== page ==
Microsoft sees parallel app development as future trend

Multi-core app requirements pondered; TechEd attendees comment on multiple technologies

With multi-core processors becoming a preferred method for building more powerful computers, Microsoft anticipates that a key trend for the future of application development will be accommodating parallel systems.

Microsoft officials at a press event Tuesday evening in Orlando, Fla. emphasized parallel development as a focus for the future. The event was held in conjunction with the TechEd 2008 conference. Attendees at the conference offered their own perspectives not only on parallel programming but on other issues and technologies, such as the Silverlight rich Internet application platform, the Oslo modeling project, and migrating Visual Basic 6 code to .Net.

Software will be critical to leveraging parallel systems, according to Microsoft. "We're done with hardware exploitation of parallelism," said Brian Harry, Microsoft Technical Fellow. 

The issue with parallel programming, Harry said, is data dependency. Multiple, independent operations work on the same data. These data dependencies become difficult to handle. "They're nearly unpredictable," he said.

As a step in parallel programming, Microsoft has devised its Parallel Extensions to the .Net Framework. This simplifies development of concurrent applications by providing library-based support for introduction of concurrency into applications written with.Net languages, such as C# and Visual Basic.NET. The extensions are available in a Community Technology Preview format.

"To me, this is a baby step that we've taken," said S. "Soma" Somasegar, corporate vice president of the Microsoft Developer Division. Programming for parallelism will need to be extended to more programmers, not just elite programmers, he said.

Parallel computing is not just for servers, Somasegar said. "There is a huge opportunity on the client as much as the server," he said. Web-based applications have performed well with current paradigms, but high-scale Web applications could benefit from parallel processing, Harry said.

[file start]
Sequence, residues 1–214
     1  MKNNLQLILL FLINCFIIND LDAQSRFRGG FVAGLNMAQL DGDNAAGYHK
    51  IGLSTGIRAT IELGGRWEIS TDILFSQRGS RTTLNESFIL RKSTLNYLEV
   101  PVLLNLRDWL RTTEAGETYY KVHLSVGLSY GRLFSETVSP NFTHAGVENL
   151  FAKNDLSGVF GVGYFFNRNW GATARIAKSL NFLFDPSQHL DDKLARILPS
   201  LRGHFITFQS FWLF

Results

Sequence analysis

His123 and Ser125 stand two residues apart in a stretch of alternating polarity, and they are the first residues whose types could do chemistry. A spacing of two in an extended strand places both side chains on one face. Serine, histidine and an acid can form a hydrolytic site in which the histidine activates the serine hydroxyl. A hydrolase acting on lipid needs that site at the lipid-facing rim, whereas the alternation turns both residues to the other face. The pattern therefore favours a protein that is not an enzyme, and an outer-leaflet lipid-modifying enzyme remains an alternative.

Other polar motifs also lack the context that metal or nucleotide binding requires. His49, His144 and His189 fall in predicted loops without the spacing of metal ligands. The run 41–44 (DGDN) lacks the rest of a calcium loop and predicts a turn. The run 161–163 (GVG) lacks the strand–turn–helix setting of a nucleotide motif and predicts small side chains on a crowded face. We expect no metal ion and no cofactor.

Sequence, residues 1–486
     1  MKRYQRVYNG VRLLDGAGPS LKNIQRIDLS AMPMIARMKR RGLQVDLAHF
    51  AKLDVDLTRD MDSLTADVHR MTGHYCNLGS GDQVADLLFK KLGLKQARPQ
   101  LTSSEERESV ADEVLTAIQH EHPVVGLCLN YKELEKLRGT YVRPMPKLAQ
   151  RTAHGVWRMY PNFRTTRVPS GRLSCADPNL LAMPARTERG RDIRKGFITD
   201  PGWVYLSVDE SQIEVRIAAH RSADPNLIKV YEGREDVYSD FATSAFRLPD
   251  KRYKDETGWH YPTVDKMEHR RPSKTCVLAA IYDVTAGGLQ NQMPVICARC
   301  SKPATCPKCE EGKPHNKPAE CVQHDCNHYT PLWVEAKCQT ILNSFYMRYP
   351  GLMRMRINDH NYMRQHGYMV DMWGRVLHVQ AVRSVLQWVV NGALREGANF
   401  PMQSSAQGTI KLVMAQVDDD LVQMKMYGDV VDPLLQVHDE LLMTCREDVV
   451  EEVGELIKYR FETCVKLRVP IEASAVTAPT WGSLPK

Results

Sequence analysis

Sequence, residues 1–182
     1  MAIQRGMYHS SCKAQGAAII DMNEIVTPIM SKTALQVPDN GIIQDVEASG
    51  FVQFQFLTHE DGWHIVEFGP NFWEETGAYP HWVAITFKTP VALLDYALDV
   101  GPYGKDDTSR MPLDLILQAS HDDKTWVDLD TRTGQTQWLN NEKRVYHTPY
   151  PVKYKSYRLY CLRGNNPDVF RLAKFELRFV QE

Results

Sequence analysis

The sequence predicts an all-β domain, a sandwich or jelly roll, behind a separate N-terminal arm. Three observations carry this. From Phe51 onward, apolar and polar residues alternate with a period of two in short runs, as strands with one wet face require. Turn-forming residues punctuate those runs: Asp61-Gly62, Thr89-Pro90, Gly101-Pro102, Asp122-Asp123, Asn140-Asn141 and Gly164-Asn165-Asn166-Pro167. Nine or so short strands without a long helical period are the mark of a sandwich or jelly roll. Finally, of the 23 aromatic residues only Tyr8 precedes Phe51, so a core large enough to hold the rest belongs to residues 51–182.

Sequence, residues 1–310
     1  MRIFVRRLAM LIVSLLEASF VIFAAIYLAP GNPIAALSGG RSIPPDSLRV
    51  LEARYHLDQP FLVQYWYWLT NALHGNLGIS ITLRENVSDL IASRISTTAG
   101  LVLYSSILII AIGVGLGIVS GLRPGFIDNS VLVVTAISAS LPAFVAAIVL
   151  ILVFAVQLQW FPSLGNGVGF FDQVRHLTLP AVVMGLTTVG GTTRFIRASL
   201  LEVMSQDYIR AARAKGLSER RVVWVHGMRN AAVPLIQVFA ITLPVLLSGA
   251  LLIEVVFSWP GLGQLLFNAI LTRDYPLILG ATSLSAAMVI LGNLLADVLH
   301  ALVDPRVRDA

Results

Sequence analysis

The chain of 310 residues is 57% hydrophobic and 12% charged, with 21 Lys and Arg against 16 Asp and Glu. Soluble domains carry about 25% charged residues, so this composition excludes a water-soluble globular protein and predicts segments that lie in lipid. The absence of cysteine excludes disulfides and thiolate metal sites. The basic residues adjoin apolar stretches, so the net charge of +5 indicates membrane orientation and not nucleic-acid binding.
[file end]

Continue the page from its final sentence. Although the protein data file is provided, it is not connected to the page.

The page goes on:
An attendee at TechEd said he views parallel processing as an OS issue.

"I definitely think that we're going in that direction and that software applications will need to be able handle ubiquitously multi-core processors and be independent of the number of cores," said Aaron Sahlstrom, technical lead for the software development team at Providence Health Plan. "But I think that the operating system is going to have to handle that, not the applications."

Another attendee acknowledged Microsoft's interest in parallel programming although it was not a top priority with her company at the moment.

"It sounds like I'm going to have to be concerned about in the future if Microsoft is going that way," said Diane Reiche, manager of application services at PPG Industries.

"We don't write too many multi-threaded applications today, so I'm sure there's interest in it from a developer's standpoint. But we haven’t really delved into it as of this point," said Reiche. If PPG runs up against performance issues, it adds another server to its farm, she said.

Another attendee echoed that multi-core application development was a future concern.

"That's something we'll be looking at in the future," said Matthew Hartle, business applications project leader at Tenaris. "Obviously, you're going to get gains in the performance of your application by making use of the hardware."

At RedGear Technologies, the company expects to utilize services to help with performance. "I think what we're going to do is putting services on the Web," and do heavy-duty processing that way, said attendee Gary Mortensen, senior software engineer for RedGear.

Also at the conference, Microsoft scheduled sessions to help Visual Basic 6 users migrate their applications to Visual Basic.Net. Visual Basic 6 lacks the managed code capabilities of .Net, but there are still applications in use that are based on Visual Basic 6.

Microsoft's Dave Mendlen, director of developer tools marketing, said the company is seeing fewer and fewer Visual Basic 6 developers at TechEd. But these developers could be found at the event.

"I think [Visual Basic 6] is a huge issue still," said Matt Warner, software engineer at RedGear. From his perspective, "the industry is kind of ignoring the fact that there are many, many apps still in VB6."

"Right now, we're moving to .Net," he said. Migrating involves more than writing a user control and moving to the .Net side, said Warner.

Warner, though, likes .Net. "It's so much more powerful than VB6," offering such advantages as XML capabilities. "There's really no comparison in my mind."

Hartle is another Visual Basic 6 user who supports .Net, which he says offers tremendous benefits. "It's much easier to work with data." He said.

"In VB6, working with XML is very complicated," said Hartle. Interop objects technology is available to help migrate to .Net, he said.

Attendees also offered perspectives on the Oslo and Silverlight technologies promoted at TechEd.

"Silverlight is really, really slick, especially from a Web app perspective," Warner said. Oslo, he said, was "cool."

"I think Silverlight 1.0 was just a basic Flash implementation," Reiche said. "So it looks like you can do a lot more programming for Silverlight 2, so we'll look into that."

Copyright © 2008 IDG Communications, Inc.

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